Monthly Archives: June 2014

The Single Life

Some people think it’s weird. To be over 30 and single. They wonder why I’m not married, why I haven’t “settled down”, and started having kids. There are people quite close to me who constantly worry about my ‘status’.

I did an interview in the Fall for a volunteer position. I was asked my age, and then if I was married. When I said no, he said ‘oh divorced?’. Because of course I can’t be 30 and never have been married, right??????

The views of some with regards to 30+ singles is quite humorous at times.

Many find it surprising that I am in no rush to get married or have kids. To be honest, I’m not even sure I want to have kids. I’m not totally sure I want to get married.

And I don’t think there is anything wrong with that.

It’s more and more common for people to stay single well into their 30s. They may date, have a few relationships, but for the most part they have chosen to stay single, focus on their careers and put “settling down” on the back burner.

A few weeks ago I read an article about the growing number of women in their 30s who are ‘relationship virgins’, meaning they have never been in a serious relationship.

And I think it’s awesome. Women who are independent, supporting themselves and finding happiness.

I can admit that in my 20s I ran away from dating and relationships for a couple of reasons. One was fear – I feared bringing someone into my world and forcing them to deal with my depression; I didn’t think it was fair to do that to them. The second was the fact that I am a commitment-phobe.

But since I turned 30, I released my fears. I know my depression is just something I have, not who I am. It can affect my life, but doesn’t define it. And as time goes on, I get better and better at handling it. It is also appearing a lot less frequently and when it does, it doesn’t last as long as it once did.

As for my phobia, that is still there a bit, but I am much better than I used to be. Because I am secure in myself, in my choices, and in my beliefs, and I understand and appreciate my own value, commitment is not such a scary thing anymore.

But at the same time, I’m good on my own.

I do enjoy dating. I enjoy being with someone and having a relationship. But I also really enjoy being single.

There are people in my life that think I can’t be happy unless I am with someone, unless I get married someday and start a family. But that’s ridiculous.

I have experienced extreme joy as a single woman. And my life is filled with so much love.

I have a co-worker who is 34 and single. Last week she said she should be married with kids by now. My response was “According to who?” And she said “According to me”.

It made me sad. I could hear the unhappiest in her words. I could see the stress in her eyes. I felt sorry for her. She was living in the future and focusing on what she thought she should have, but didn’t. As a result she can’t find joy in the now. She can’t appreciate what she has now.

I learned a long time ago never to plan too far ahead. Because it almost never works out the way you think it will, and you just end up disappointed.

I know people who stew in jealousy over their friends’s happy marriages and new born babies. I know girls who live in misery because the guy next door doesn’t pick up their ‘hints’. (Sidenote for the girls: guys never pick up on the hints that we think are so obvious – you need to spell it out).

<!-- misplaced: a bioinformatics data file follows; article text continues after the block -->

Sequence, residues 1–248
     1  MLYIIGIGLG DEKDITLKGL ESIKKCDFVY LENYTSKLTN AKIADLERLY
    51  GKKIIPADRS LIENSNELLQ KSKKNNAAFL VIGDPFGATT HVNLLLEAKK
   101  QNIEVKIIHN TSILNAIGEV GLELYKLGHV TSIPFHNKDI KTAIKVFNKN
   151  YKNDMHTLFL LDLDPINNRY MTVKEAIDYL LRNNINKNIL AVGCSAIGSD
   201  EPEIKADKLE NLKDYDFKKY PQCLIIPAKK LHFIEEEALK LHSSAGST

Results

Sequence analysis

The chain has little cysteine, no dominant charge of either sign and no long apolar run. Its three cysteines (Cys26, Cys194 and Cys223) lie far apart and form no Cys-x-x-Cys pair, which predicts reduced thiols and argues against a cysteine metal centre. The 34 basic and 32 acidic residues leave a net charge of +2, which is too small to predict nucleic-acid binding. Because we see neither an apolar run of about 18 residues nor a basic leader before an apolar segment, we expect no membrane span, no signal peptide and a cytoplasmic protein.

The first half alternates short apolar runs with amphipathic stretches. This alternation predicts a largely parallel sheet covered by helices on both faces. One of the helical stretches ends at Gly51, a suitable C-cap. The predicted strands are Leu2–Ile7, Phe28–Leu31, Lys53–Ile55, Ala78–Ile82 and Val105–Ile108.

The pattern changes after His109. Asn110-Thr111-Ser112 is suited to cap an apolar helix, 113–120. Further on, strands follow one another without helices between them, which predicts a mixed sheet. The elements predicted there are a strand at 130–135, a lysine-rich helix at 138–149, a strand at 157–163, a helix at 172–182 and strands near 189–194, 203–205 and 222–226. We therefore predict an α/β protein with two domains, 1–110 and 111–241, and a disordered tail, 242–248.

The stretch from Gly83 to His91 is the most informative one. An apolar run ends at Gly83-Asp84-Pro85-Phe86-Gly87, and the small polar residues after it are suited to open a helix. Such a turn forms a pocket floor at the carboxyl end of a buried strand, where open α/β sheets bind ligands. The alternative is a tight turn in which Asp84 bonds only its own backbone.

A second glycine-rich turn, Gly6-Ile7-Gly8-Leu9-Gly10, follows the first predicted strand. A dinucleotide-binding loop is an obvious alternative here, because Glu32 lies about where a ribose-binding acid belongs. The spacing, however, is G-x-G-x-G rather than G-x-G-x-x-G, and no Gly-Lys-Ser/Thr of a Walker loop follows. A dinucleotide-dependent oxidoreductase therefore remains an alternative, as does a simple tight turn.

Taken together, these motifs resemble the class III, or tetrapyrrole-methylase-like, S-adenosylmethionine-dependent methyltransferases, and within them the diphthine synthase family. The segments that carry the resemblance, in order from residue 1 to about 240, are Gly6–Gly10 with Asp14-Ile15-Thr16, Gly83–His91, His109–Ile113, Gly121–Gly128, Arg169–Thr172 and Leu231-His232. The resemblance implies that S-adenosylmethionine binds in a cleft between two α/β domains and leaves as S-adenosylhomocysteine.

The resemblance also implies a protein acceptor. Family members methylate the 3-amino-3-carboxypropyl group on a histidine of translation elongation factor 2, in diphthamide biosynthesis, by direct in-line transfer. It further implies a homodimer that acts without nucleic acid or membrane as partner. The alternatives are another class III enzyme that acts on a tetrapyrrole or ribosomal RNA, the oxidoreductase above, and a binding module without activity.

And I know people who are my age, who got married young and saw forever, but now they are finalizing divorce papers. As they and their spouse grew up, they also grew apart. They never imagined it would end this way.

You can’t predict the future. Just like you can’t change the past. You have to embrace the now.

And I am not going to focus on what I don’t have. I’m not going to sit in misery because life hasn’t turned out the way I thought it would. I am going to focus on the good and find joy in the life I have.

My life is good. And I am not single because there is something wrong with me. Nor is my life any less fulfilling than those who are a couple.

I have no idea what the future holds and that excites me. I am open to anything. If I meet someone, fall in love and get married, that’s great. If I stay single and focus on my passions, that’s awesome. If I get asked to go on a year long mission trip to Africa, that’s amazing.

I don’t believe in closing doors. I am all about ‘never say never’.

I enjoy being single.

I enjoy being part of a couple.

But I am not defined by my “status”. My happiness is not based on that.

My happiness comes from my ability to see the good over the bad. My ability to embrace the positive and disregard the negative. My ability to release control and be grateful for the blessings that come my way.

My joy comes from what I can do for others and how I can make them happy.

Maybe one day I’ll find someone who sees life as I do and wants to embrace the best and forget the rest with me. Maybe I won’t.

I’m good either way.



It’s Complicated

I have tried many times to explain depression. To explain my depression. But it is so difficult to explain, especially to someone who has never experienced it.

Trying to explain depression to someone who has never been through it is like trying to explain algebra to a 4 year old. They just don’t get it.

I don’t get angry when someone doesn’t understand my depression. It’s actually the opposite. I am usually thrilled when someone doesn’t understand because it means they have never experienced it.

Depression is something I wouldn’t wish on the devil himself. It’s awful. It’s terrifying, suffocating, debilitating, and the most painful thing I have ever experienced.

Last week was not a great week for me. I was stressed and feeling lonely and my depression made an appearance. This hasn’t happened for a long time. Last Saturday I spent the whole day in bed. This also hasn’t happened in a very long time.